Many of the things you need to think about when choosing a car for the family of a disabled child are the same as when choosing any family car. Choosing a car always involves an element of compromise. You may not be able to get everything you want or need for the price you can afford.
Which type of car?
The right car for you and your family is one that has room for all of you and anything else you need to carry. It's also one that's easy to get you and your equipment into and out of.
Hatchbacks are better than saloons if you have a buggy or something else that needs to go in the boot. They usually have lower sills and wider openings. If you have a lot to carry, get an estate, as it will have an even bigger boot. To look for cars by boot size, see our Advanced car search.
For carrying lots of people in comfort, you'll need a multi-purpose vehicle - usually just called an MPV. These have more space in the back. Seven-seat MPVs have a third row in the back. In more compact seven-seaters, these seats can be folded away into the boot floor - you don't get much space for luggage with the seats up. These fold-up seats may not be big enough for large children and may become uncomfortable on long journeys.
You'll certainly need the extra row of seats if you have more than two children who need child seats, as you won't be able to fit three standard child seats next to each other. However, Multimac makes three- and four-child car seats, which can be fitted to the rear seats of most cars; they take children up to 12 years (36kg). A baby seat is also available.
Getting in and out
Fitting a child seat and lifting a child in and out is easier if the door is high and wide, and opens at a wide angle. Some cars have sliding doors in the back, which is especially useful in car parks.
If you have a child with physical disabilities, there are a number of things you'll also need to consider; see Getting disabled children into and out of a car.
Everybody in the car needs to be seated comfortably and securely. In the case of children younger than 12 or under 135cm tall (about 4' 5"), this means they must have a suitable child seat. Children need different seats, depending on what they weigh:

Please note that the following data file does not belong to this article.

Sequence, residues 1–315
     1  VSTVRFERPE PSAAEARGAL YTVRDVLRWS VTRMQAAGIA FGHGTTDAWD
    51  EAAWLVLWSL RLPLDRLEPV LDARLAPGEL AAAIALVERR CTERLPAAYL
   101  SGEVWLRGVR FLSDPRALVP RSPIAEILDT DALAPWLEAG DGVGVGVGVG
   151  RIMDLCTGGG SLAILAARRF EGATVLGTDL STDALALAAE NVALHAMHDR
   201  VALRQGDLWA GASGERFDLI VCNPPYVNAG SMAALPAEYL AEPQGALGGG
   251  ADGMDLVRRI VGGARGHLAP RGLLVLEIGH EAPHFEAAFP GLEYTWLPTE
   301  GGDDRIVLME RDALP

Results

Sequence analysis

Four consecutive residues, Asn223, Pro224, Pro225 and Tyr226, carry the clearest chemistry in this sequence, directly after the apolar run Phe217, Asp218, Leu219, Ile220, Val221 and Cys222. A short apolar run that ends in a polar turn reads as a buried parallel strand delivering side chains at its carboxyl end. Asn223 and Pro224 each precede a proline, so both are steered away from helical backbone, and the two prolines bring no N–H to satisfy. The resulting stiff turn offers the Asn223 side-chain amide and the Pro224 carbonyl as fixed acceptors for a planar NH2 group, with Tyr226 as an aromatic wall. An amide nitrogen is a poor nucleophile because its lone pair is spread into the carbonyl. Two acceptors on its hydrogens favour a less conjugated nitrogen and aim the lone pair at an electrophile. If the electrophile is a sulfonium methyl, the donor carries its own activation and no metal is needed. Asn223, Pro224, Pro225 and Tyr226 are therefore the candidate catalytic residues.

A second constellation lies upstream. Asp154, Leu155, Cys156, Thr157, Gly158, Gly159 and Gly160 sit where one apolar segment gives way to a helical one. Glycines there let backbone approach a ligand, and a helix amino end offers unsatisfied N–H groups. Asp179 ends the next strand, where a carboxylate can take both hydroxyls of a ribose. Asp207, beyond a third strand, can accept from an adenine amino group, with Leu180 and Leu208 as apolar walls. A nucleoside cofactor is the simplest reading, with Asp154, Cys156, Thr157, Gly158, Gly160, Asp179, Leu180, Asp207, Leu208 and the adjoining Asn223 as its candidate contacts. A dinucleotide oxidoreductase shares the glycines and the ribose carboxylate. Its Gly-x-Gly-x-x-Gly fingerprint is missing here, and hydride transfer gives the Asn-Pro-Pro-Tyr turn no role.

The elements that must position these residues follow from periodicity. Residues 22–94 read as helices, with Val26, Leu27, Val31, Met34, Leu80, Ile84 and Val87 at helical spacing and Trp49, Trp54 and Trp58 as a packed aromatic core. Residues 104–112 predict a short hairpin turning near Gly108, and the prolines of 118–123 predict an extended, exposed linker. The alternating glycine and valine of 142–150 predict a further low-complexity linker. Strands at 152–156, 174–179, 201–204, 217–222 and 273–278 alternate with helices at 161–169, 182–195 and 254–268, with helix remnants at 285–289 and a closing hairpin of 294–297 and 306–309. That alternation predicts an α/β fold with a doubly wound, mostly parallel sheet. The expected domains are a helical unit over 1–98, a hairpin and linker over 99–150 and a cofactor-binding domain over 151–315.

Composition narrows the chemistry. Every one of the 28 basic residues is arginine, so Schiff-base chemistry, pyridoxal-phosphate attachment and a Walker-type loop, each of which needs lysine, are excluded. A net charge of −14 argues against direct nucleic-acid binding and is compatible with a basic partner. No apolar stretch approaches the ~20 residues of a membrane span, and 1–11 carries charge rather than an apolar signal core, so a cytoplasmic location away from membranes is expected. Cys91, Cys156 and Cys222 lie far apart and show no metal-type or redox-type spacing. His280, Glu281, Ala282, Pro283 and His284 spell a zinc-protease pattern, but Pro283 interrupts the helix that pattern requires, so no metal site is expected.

- babies up to 13kg (about 2 stone) - Group 0 and Group 0+ backward-facing seats
- babies and children between 9 and 18kg (1.5 to 3 stone) - Group I forward- or backward-facing seats
- children from 15 to 25kg (2.5 to 4 stone) - Group II forward-facing car seats (booster seats)
- children above 22kg (3.5 stone) - Group III booster cushions
Group 0 and Group I seats are attached to the car seat using the existing seat belt or using the ISOFIX system. ISOFIX seats are easier to put into the car because they just clip into anchor points mounted in the car. All new cars have ISOFIX anchor points, but not all older cars have, so you must check this before you get the seat.
Child seats must also conform to the United Nations standard, ECE Regulation 44.04. Look for the 'E' mark label on the seat. Alternatively, the child seat may conform to the EU ‘i-size’ safety regulations for child car seats (ECE R129), introduced in July 2013 to make child car seats easier to fit, provide better protection from side impacts and keep children rearward-facing for longer. ‘I-size’ regulations only apply to Isofix seats.
Backward-facing seats must not be used in a seat that has an airbag. If you want to use one of these seats in the front of the car, check that the airbag can be switched off. If you have smaller children in forward-facing seats, you'll also need to switch off the airbag.
Which? have some useful child car seat safety checks on their site.
Standard features and extras
Many standard features and extras can make driving with children easier and more comfortable. Look out for the following:
Many cars have adjustable seats in the front, but some also have them in the back. If the back seats can slide backwards and forwards, it makes it easier for your back-seat passengers to get in and out, and to get themselves comfortable.
Raised back seats (stadium seats)
In some MPVs, the back seats are higher than the front seats. This allows the back-seat passengers to see over the seats in front, which is more pleasant and can help prevent car-sickness.
Look for roomy door pockets and clever storage solutions such as lockers in the roof lining or the floor.
Music, video and video games can help keep children happy on long journeys. Some cars have built-in DVD players in the back, or you can get your own and fix it to the headrest of the front seat (they usually come with straps for this). Check that there are 12V power points in the back.
Tinted windows in the back can give extra privacy.
Our research aims to help you choose the controls that will work best for you.
Last updated: June 2018